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Efficiency wage and union effects in labor demand and wage structure in Mexico - An application of quantile analysis

  • Maloney, William F.
  • Pontual Ribeiro, Eduardo

Applying quantile analysis to detailed firm-level data from Mexico, the authors study determinants of demand and wages for two classes of labor. Unions appear to have a strong impact on how much unskilled labor is employed but not on wages. This suggests an extreme example of"monopoly union"behavior. The impact on productivity is, by definition, negative, but unions could also be said to be forcing firms to use"appropriate technology"(less capital and more workers), increasing the total amount of labor employed in the economy. The only impact on wages appears for the tenth (lowest) quantile of unskilled workers, suggesting that unions prevent workers from being paid too far below the median for their skill level. The authors identify significant efficiency wage effects where firms pay above market clearing to prevent labor turnover both in labor demand and in the wage equations. Since minimum wages are not binding and the union impact on wages is small, this suggests that whatever segmentation exists emerges endogenously and is not due to union - or government - induced distortions. The authors offer the first use of quantile analysis to analyze labor demand at the firm level, and one of the first uses of correct standard errors in two-stage least-squares quantile regression.

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Paper provided by The World Bank in its series Policy Research Working Paper Series with number 2131.

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Date of creation: 31 May 1999
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Handle: RePEc:wbk:wbrwps:2131
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  1. Hendricks, Wallace E & Kahn, Lawrence M, 1991. "Efficiency Wages, Monopoly Unions and Efficient Bargaining," Economic Journal, Royal Economic Society, vol. 101(408), pages 1149-62, September.
  2. Wadhwani, Sushil B & Wall, Martin, 1991. "A Direct Test of the Efficiency Wage Model Using UK Micro-data," Oxford Economic Papers, Oxford University Press, vol. 43(4), pages 529-48, October.
  3. Panagides, Alexis & Patrinos, Harry Anthony & DEC, 1994. "Union - nonunion wage differentials in the developing world : a case study of Mexico," Policy Research Working Paper Series 1269, The World Bank.
  4. Oswald, A. J., 1995. "Efficient contracts are on the labour demand curve: Theory and facts," Labour Economics, Elsevier, vol. 2(1), pages 102-102, March.
  5. Buchinsky, Moshe, 1995. "Estimating the asymptotic covariance matrix for quantile regression models a Monte Carlo study," Journal of Econometrics, Elsevier, vol. 68(2), pages 303-338, August.
  6. Krueger, Alan B & Summers, Lawrence H, 1988. "Efficiency Wages and the Inter-industry Wage Structure," Econometrica, Econometric Society, vol. 56(2), pages 259-93, March.
  7. Funkhouser, Edward, 1998. "The importance of firm wage differentials in explaining hourly earnings variation in the large-scale sector of Guatemala," Journal of Development Economics, Elsevier, vol. 55(1), pages 115-131, February.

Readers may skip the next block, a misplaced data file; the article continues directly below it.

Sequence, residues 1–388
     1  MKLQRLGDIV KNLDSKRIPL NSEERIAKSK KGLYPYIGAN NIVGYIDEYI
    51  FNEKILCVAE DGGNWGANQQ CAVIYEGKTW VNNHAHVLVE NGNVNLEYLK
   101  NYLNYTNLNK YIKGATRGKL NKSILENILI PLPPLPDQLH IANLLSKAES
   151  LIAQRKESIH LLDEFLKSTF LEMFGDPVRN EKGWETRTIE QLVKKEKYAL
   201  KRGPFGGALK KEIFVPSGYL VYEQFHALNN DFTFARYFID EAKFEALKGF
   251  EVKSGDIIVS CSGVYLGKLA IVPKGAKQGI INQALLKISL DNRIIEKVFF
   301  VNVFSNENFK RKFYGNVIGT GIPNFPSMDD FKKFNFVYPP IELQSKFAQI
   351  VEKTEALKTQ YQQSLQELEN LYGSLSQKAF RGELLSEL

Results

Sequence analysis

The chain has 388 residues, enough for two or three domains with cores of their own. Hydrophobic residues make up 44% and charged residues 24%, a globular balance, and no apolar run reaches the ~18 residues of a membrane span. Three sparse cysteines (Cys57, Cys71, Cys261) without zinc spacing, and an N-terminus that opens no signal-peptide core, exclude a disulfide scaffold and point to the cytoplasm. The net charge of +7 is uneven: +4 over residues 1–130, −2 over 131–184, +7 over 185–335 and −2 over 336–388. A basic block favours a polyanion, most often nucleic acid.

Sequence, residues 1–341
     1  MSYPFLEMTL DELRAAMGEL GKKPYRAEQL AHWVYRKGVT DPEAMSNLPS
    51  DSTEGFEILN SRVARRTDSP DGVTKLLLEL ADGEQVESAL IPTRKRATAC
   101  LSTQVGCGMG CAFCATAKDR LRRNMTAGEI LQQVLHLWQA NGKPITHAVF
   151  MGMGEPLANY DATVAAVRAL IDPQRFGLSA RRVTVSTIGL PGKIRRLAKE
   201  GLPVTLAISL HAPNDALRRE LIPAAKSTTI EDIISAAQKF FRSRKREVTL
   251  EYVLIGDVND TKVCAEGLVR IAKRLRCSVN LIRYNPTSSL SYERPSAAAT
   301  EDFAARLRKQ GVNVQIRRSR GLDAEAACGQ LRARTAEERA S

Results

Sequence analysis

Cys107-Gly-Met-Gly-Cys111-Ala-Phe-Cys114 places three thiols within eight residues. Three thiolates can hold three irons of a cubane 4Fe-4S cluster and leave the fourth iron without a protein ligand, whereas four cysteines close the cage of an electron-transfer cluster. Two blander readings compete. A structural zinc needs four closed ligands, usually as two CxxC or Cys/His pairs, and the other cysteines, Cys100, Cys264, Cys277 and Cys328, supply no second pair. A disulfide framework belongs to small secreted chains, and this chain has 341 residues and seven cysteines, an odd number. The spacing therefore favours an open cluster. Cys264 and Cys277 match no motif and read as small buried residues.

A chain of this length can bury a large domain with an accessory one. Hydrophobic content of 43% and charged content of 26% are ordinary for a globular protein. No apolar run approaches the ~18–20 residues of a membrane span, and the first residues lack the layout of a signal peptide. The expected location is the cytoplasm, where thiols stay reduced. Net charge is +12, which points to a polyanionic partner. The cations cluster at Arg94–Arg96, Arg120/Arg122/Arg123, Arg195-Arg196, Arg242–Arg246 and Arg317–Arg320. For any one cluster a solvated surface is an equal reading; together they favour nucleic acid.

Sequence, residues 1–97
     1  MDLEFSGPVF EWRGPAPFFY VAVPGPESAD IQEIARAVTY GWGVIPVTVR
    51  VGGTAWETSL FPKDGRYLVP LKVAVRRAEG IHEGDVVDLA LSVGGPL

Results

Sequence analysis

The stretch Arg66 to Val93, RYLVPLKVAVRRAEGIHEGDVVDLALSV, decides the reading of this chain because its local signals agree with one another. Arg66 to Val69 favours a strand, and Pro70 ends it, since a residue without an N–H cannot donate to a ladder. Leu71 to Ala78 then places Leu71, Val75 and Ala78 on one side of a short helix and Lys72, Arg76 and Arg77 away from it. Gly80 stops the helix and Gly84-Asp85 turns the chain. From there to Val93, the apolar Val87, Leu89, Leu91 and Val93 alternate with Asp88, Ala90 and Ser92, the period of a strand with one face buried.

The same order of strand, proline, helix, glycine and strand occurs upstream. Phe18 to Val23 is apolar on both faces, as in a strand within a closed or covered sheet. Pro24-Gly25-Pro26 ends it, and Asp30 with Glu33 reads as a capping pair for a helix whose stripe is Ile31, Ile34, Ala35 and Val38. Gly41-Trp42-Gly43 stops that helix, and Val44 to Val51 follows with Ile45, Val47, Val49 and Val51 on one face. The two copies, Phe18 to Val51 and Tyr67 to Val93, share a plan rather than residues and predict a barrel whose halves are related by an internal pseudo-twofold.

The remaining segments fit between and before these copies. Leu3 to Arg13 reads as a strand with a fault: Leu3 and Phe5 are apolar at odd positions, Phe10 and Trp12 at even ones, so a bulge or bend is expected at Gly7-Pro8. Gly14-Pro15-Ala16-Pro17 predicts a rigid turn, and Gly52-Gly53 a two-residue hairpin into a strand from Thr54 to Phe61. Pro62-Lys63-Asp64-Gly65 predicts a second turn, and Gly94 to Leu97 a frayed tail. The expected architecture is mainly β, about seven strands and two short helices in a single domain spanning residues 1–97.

8. Layard, Richard & Nickell, Stephen, 1990. "Is Unemployment Lower if Unions Bargain over Employment?," The Quarterly Journal of Economics, MIT Press, vol. 105(3), pages 773-87, August.
  9. Nickell, Stephen & Wadhwani, Sushil, 1991. "Employment Determination in British Industry: Investigations Using Micro-data," Review of Economic Studies, Wiley Blackwell, vol. 58(5), pages 955-69, October.
  10. Bell, Linda A, 1997. "The Impact of Minimum Wages in Mexico and Colombia," Journal of Labor Economics, University of Chicago Press, vol. 15(3), pages S102-35, July.
  11. Esfahani, Hadi S & Salehi-Isfahani, Djavad, 1989. "Effort Observability and Worker Productivity: Towards an Explanation of Economic Dualism," Economic Journal, Royal Economic Society, vol. 99(397), pages 818-36, September.
  12. Harris, John R & Todaro, Michael P, 1970. "Migration, Unemployment & Development: A Two-Sector Analysis," American Economic Review, American Economic Association, vol. 60(1), pages 126-42, March.
  13. Blanchflower, David G & Millward, Neil & Oswald, Andrew J, 1991. "Unionism and Employment Behaviour," Economic Journal, Royal Economic Society, vol. 101(407), pages 815-34, July.
  14. Freedman, David A & Peters, Stephen C, 1984. "Bootstrapping an Econometric Model: Some Empirical Results," Journal of Business & Economic Statistics, American Statistical Association, vol. 2(2), pages 150-58, April.
  15. Lam. D. & Schoeni, R.F., 1996. "Effects on Family Background on Earnings and Returns to Schooling: Evidence from Brazil," Papers 96-13, RAND - Reprint Series.
  16. William T. Dickens & Lawrence F. Katz, 1986. "Interindustry Wage Differences and Industry Characteristics," NBER Working Papers 2014, National Bureau of Economic Research, Inc.
  17. George J. Borjas, 1980. "The Relationship between Wages and Weekly Hours of Work: The Role of Division Bias," Journal of Human Resources, University of Wisconsin Press, vol. 15(3), pages 409-423.
  18. Koenker, Roger W & Bassett, Gilbert, Jr, 1978. "Regression Quantiles," Econometrica, Econometric Society, vol. 46(1), pages 33-50, January.
  19. Stiglitz, Joseph E, 1974. "Alternative Theories of Wage Determination and Unemployment in LDC'S: The Labor Turnover Model," The Quarterly Journal of Economics, MIT Press, vol. 88(2), pages 194-227, May.
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